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Introduction by the Guest Editor

Introduction by the Guest Editor GAYle mAGee From 2014 to 2018, events around the world are commemorating and memorializing the Great War, which took place a hundred years ago. the majority of the art installations, concerts, and other public memorials so far have taken place outside of the united States, marking the stronger profile of the war elsewhere. Some of this is no doubt due to America's relatively late involvement in the hostilities and therefore the lesser sacrifice and loss compared to what many european countries bore. As we near the centennial of the u.S. entry into World War i, the moment seems right to reflect on the diversity of music produced during this era from a transnational perspective, considering music not only within the united States but also across its northern and at its southern borders. this issue presents four articles on topics related to music in the First World War. each takes on a different, unique repertoire from the period, exploring the relationships between nationalism, patriotism, and creativity. And each deals at least in part with music created to inspire patriotism and national sentiment, despite differing repertoires, performance venues, musical styles, topics, and countries of origin. Given the motivational aspect of http://www.deepdyve.com/assets/images/DeepDyve-Logo-lg.png American Music University of Illinois Press

Introduction by the Guest Editor

American Music , Volume 34 (4) – Apr 15, 2016

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Publisher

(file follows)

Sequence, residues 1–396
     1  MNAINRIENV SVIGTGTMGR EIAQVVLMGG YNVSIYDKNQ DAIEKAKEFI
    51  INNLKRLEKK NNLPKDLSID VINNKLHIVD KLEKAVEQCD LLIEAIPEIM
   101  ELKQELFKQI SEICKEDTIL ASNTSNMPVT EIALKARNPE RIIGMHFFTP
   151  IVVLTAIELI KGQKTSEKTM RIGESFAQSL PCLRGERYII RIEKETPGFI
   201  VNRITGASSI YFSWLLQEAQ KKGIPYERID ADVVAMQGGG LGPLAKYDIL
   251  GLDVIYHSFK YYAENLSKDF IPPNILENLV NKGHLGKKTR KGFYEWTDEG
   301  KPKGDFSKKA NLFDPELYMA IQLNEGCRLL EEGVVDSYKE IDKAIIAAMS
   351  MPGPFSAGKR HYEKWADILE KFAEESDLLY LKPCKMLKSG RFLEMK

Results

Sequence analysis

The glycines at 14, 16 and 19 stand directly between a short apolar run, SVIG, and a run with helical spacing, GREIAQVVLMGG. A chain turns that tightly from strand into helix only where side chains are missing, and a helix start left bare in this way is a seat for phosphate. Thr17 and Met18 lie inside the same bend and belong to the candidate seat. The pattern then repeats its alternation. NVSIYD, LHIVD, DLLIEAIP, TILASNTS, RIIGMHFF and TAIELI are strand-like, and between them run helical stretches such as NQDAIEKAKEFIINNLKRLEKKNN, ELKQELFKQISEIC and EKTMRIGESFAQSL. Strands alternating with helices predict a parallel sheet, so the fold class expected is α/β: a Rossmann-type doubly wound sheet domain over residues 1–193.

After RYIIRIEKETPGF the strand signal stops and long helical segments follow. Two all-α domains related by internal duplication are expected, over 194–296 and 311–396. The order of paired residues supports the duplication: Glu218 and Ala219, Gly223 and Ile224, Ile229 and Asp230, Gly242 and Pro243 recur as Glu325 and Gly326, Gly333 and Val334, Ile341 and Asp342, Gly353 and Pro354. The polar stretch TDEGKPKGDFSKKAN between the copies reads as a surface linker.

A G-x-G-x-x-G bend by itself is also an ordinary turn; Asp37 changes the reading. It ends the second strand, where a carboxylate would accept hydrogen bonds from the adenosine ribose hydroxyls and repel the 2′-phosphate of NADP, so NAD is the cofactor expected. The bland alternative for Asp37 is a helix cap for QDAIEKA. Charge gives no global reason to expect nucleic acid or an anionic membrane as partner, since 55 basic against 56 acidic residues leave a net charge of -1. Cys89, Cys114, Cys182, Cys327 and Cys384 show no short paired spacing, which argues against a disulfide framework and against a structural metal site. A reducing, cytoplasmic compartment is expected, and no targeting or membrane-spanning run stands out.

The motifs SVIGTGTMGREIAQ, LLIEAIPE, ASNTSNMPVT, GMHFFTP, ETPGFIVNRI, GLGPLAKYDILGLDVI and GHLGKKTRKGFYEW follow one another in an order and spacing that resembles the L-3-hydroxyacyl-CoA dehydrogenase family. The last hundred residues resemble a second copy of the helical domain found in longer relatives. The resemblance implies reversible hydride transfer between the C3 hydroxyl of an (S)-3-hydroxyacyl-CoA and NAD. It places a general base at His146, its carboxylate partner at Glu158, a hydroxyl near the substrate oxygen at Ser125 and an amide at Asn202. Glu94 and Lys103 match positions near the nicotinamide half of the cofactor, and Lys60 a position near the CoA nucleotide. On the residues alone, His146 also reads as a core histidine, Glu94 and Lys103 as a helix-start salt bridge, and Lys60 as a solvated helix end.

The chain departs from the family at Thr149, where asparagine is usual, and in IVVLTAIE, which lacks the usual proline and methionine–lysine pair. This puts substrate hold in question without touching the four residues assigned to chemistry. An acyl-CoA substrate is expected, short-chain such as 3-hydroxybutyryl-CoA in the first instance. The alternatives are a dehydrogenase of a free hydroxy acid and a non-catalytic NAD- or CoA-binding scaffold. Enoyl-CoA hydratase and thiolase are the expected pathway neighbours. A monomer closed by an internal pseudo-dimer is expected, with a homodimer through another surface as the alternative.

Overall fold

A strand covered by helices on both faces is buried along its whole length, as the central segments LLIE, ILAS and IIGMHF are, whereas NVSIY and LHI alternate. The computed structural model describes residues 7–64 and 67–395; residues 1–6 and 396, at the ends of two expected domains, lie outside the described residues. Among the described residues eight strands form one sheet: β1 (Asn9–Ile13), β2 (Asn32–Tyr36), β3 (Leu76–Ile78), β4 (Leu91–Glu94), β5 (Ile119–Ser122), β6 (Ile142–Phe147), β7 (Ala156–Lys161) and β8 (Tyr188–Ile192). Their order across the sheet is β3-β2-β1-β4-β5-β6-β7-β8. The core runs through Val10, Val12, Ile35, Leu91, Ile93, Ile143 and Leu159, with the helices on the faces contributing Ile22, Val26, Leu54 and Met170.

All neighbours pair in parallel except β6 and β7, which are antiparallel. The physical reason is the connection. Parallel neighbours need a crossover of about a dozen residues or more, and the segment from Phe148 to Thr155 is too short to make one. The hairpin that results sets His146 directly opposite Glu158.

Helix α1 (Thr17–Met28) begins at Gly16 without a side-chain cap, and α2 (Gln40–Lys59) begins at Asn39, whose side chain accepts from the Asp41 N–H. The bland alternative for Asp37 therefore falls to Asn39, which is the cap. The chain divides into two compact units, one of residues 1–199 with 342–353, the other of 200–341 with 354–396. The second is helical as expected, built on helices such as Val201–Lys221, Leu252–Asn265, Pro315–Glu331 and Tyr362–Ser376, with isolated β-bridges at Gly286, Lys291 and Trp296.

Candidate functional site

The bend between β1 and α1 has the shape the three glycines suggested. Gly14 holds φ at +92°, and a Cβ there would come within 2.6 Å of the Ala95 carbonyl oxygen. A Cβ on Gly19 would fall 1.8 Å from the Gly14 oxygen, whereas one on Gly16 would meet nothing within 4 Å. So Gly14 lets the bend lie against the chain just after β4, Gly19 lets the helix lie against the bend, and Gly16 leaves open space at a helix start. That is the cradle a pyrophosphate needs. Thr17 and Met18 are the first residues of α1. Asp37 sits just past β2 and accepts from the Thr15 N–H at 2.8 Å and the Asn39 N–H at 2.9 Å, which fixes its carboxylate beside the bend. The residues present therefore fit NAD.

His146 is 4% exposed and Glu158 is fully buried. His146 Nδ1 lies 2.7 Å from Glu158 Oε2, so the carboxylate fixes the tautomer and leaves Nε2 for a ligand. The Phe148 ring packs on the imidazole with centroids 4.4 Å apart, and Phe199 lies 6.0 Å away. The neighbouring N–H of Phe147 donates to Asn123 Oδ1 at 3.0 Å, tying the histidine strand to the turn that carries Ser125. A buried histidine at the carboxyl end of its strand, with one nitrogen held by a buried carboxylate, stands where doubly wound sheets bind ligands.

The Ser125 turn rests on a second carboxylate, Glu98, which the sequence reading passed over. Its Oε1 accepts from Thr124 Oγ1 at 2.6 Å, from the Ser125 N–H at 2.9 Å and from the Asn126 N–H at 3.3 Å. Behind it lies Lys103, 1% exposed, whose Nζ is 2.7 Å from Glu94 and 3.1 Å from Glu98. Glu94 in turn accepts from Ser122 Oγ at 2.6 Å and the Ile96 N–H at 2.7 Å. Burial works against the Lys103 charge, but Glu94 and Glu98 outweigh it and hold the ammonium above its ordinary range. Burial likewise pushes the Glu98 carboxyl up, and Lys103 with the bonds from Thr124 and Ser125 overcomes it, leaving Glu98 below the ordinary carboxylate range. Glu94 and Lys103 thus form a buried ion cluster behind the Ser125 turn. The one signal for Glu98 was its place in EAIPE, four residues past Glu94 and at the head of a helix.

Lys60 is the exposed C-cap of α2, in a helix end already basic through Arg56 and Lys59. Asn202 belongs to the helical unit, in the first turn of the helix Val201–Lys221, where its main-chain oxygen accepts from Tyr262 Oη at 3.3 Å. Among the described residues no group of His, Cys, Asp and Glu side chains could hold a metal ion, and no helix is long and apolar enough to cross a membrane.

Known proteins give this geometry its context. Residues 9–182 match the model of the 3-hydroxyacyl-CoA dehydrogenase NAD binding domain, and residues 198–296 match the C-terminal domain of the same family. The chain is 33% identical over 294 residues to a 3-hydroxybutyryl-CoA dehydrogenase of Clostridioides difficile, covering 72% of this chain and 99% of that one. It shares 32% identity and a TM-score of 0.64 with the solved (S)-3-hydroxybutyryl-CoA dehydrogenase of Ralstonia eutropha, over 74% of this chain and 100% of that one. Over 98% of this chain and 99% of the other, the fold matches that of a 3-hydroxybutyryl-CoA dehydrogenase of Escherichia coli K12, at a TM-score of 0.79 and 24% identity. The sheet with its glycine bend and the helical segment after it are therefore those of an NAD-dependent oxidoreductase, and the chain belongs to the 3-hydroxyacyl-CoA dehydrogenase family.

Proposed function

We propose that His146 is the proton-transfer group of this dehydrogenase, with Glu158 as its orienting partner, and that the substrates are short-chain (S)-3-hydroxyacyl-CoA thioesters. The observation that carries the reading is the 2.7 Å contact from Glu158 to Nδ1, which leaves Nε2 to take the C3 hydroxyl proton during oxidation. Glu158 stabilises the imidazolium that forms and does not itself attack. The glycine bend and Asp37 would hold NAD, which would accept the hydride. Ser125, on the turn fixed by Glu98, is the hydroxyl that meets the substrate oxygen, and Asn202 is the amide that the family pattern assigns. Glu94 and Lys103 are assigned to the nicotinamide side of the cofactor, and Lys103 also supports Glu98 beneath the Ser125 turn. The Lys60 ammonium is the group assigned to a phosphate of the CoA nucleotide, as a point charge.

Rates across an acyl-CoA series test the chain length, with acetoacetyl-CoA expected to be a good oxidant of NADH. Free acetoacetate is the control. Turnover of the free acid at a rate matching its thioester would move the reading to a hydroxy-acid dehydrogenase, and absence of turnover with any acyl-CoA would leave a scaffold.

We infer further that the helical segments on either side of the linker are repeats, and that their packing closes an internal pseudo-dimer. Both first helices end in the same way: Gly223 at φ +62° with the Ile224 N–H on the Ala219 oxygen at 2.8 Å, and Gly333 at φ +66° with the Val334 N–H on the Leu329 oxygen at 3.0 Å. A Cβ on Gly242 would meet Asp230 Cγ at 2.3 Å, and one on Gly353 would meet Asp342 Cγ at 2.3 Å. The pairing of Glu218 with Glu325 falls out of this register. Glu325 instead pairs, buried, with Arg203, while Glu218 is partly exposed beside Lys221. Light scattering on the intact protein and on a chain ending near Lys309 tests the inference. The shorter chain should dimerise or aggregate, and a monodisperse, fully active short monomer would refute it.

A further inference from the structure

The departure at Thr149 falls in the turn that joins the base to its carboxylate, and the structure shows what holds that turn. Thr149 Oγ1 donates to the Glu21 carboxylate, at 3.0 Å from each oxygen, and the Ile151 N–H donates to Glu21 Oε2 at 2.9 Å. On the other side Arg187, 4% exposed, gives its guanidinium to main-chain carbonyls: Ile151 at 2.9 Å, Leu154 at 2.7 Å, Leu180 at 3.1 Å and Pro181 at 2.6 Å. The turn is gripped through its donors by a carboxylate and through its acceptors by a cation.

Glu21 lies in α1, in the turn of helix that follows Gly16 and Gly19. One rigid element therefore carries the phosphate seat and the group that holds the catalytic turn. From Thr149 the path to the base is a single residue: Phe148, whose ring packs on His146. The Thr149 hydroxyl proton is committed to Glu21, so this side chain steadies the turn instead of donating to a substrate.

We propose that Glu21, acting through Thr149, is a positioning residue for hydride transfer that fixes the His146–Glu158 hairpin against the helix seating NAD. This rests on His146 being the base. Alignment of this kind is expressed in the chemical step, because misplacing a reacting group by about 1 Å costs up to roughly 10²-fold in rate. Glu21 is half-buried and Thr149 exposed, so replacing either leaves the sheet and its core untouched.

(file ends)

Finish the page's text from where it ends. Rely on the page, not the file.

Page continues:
University of Illinois Press
Copyright
Copyright © University of Illinois Press
ISSN
1945-2349
Publisher site
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Abstract

GAYle mAGee From 2014 to 2018, events around the world are commemorating and memorializing the Great War, which took place a hundred years ago. the majority of the art installations, concerts, and other public memorials so far have taken place outside of the united States, marking the stronger profile of the war elsewhere. Some of this is no doubt due to America's relatively late involvement in the hostilities and therefore the lesser sacrifice and loss compared to what many european countries bore. As we near the centennial of the u.S. entry into World War i, the moment seems right to reflect on the diversity of music produced during this era from a transnational perspective, considering music not only within the united States but also across its northern and at its southern borders. this issue presents four articles on topics related to music in the First World War. each takes on a different, unique repertoire from the period, exploring the relationships between nationalism, patriotism, and creativity. And each deals at least in part with music created to inspire patriotism and national sentiment, despite differing repertoires, performance venues, musical styles, topics, and countries of origin. Given the motivational aspect of

Journal

American MusicUniversity of Illinois Press

Published: Apr 15, 2016

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